June 10, 2005 The traffic congestion around St. Thomas has noticeably eased since the V.I. Police Department's recent decision to have members of its Traffic Management Team direct traffic at several major intersections during peak hours.
But manually directing traffic is only one of several steps that the department is taking to improve traffic problems and violations.
On June 18, the VIPD will launch its Traffic Enforcement Campaign with an education segment to inform and remind the public of the traffic laws. The event will take place from 9 a.m. to 4 p.m. at the Lionel Roberts Stadium.
Elvin Fahie Sr., deputy police chief of the St. Thomas-St. John District, said members of the Traffic Management Team would speak to residents about the more prevalent traffic violations, including failure to wear seatbelts and the penalties for violations.
Fahie said he is also hoping to have members of the Justice Department and the judicial branch address the public. "We're soliciting the help of people in the community who have particular tips they would like to share with others in the community," Fahie said.
Fahie said they will be contacting some of the local food vendors to provide food and would also provide entertainment through the Juvenile Delinquency Prevention Program's marching band and other school bands and majorettes.
"We're trying to make it a full day of education about being on the road," Fahie said. "We hope that it will lead to more road courtesy rather than the enforcement we will do after."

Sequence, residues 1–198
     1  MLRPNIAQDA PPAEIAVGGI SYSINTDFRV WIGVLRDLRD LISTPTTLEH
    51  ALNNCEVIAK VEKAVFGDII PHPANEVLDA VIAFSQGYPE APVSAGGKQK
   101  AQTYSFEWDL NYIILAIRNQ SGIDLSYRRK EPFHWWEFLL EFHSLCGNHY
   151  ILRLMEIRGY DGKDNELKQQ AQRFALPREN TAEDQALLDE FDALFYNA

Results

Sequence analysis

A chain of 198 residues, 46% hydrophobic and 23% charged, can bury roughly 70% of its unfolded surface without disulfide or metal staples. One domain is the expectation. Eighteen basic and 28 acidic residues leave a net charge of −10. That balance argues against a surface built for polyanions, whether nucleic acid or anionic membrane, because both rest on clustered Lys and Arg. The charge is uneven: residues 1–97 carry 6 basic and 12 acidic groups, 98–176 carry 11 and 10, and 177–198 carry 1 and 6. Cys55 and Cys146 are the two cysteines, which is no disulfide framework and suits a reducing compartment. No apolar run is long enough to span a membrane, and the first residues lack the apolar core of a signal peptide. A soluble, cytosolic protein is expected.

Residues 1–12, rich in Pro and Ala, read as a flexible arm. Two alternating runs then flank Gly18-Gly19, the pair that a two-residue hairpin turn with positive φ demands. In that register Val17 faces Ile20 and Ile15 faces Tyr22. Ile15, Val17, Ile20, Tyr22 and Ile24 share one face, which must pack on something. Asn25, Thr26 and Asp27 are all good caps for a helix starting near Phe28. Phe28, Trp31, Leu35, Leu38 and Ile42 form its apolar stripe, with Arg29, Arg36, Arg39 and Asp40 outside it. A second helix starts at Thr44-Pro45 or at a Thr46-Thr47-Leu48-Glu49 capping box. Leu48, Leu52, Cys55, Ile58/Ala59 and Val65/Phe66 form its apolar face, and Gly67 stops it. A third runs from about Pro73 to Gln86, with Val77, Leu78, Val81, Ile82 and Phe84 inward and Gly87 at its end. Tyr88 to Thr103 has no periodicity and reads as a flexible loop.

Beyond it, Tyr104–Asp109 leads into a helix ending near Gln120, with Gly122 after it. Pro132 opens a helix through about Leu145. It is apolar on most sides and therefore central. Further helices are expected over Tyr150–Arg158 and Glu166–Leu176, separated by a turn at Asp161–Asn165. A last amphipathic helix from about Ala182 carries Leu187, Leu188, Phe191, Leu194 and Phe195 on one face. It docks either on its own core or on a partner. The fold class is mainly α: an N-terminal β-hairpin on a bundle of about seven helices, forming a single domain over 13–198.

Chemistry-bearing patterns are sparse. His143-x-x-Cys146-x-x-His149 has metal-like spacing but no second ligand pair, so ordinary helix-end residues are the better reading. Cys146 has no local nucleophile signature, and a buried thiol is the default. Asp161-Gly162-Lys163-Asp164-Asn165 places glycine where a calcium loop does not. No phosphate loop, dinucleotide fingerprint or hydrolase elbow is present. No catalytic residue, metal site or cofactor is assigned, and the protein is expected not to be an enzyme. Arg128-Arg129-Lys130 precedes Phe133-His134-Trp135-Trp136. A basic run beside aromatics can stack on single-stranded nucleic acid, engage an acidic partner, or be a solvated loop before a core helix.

Fahie said two to three weeks after the education segment of the campaign the department will go into a strict enforcement policy for traffic violations, and all violators will be penalized in accordance to the laws.
Some of the areas that the police will keep a lookout for are: negligent driving, running of stop signs, obstruction of traffic and child safety.
Fahie said too often he has noticed children in cars standing between the front passenger seats while the vehicle is moving.
"That is a major problem that I see," Fahie said, adding that parents need to ensure the safety of their children when transporting them.
Fahie said the VIPD campaign would help to reduce traffic obstructions, like people stopping their vehicles in the middle of the roads and would also minimize the cost to the government for having to prosecute these violations.
"What we're trying to force people to do is to practice good habits," Fahie said. "If we can get a lot of the traffic violations minimized, it will help minimize violations in other areas."
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